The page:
Product and people news, as well as announcements of deals have come thick and fast today in the property and mortgages arenas.
Standard Life says its Select Property Fund was the fastest growing mutual fund in the first 11 months of 2006, taking total assets under management through the £1bn barrier in the 15 months since it lauched.
The provider says the retail accumulation unit price is up more than 44% in that time, something put down to global exposure and strong commercial property performances in both the US and Europe.
Meanwhile, in the mortgage space, GMAC-RFC has announced lending exceeding £12bn last year, up 75% on 2005. That growth compares with an overall market estimated to have increased in size by some 15%.
GMAC-RFC also claims to have taken market share from competitors “for the seventh year running”.
The lender also points out it expects things to continue in much the same vein this year, particularly as its online point-of-sale immediate decision offer continues to take off.
In similar fashion, Rooftop Mortgages has announced the launch of a new business unit to service completed loans, with Jonathan Naylor in charge as executive director.
The service will handle arrears collections, loss mitigation, litigation and property sales. Putting in place such servicing is seen as a natural follow-up to the lender’s growing book of loans.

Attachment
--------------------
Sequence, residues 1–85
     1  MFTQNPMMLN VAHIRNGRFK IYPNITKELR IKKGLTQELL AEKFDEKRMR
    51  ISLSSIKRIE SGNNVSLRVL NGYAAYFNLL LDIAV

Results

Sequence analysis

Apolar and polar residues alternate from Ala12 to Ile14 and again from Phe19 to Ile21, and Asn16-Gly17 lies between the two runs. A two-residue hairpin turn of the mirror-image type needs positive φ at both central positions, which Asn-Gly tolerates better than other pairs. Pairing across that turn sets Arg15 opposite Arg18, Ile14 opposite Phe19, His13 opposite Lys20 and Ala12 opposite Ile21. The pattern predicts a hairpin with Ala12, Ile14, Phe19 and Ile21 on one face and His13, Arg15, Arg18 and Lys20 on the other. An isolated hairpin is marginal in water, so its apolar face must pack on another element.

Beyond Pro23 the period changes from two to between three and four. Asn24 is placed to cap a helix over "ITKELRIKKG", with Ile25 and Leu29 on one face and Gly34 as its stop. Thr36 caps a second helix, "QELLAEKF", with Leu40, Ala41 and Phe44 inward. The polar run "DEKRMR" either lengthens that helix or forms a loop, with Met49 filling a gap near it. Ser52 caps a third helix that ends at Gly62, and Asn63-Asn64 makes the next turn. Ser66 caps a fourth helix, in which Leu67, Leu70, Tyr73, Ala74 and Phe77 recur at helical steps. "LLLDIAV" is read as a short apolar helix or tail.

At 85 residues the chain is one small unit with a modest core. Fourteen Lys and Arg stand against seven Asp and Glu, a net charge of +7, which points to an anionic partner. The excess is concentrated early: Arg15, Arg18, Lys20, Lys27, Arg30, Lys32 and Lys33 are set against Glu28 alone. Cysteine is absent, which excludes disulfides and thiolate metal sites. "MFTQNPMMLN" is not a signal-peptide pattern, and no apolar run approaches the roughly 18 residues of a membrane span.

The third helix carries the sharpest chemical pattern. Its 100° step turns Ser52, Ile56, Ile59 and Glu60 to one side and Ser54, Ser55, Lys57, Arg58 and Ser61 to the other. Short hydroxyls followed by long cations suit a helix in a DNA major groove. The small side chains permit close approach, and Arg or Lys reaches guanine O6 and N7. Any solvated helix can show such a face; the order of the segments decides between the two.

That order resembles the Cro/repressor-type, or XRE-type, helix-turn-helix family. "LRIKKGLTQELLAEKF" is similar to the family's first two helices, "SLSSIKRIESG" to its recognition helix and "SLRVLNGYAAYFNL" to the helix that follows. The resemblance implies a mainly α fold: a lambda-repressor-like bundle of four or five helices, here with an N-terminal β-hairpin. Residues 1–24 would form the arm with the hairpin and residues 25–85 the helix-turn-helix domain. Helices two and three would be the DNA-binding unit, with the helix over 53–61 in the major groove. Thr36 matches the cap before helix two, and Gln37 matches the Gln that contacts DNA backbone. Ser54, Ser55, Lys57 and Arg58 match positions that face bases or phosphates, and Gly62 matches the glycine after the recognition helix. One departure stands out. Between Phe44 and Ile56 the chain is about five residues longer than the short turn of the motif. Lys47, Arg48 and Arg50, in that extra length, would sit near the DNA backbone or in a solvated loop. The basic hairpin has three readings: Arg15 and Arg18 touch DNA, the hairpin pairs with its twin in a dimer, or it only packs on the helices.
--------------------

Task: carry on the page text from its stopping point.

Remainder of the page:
Rooftop is a non-standard mortgages lender, which operates exclusively through intermediaries. It also works with packagers such as Beacon Mortgages and Mortgagematch Home Loans.
Axa Investment Managers strategist Aurore Wannesson-Raynaud points to a potentially weak area of property, namely the US residential housing market.
Having gone into free-fall last year, US house prices are predicted to continue decelerating at least through the first half of this year before stabilising as supply and demand factors align more closely.
The main question is whether a so-called soft landing will really be the case, or whether weakness in other parts of the US economy will cause the housing market downturn to continue.
Wannesson-Raynaud points out calling the market as a whole is tricky because of local issues, such as excessive weakness in the US Northwest – Chicago and Detroit – caused by ongoing changes in US automobile manufacturing patterns, or speculation-driven activities – Las Vegas – or the need to cater to retirement demands – Florida.
The UK link is of course US monetary policy, and just how the Federal Reserve might respond to any further weakening of consumption sparked by a collapse in the levels of mortgage equity withdrawal (MEW).
Such activity peaked in the second quarter of 2005, according to AXA IM figures suggesting consumers tapped into more than $1trn of MEW, or 9.5% of US GDP. With the dollar already close to record weakness against both sterling and the euro, any further cuts to US Fed rates could result in further challenges for eurozone and UK exporters, while not necessarily resulting in any major kick-start to the US economy.
Although Wannesson-Raynaud does not say it, this might be good news for UK buyers looking to acquire property in the US as prices in pounds would drop further still.
If you have any comments you would like to add to this story or would like to speak to its author about a similar subject, telephone Jonathan Boyd on 020 7484 9769 or email [email protected].IFAonline
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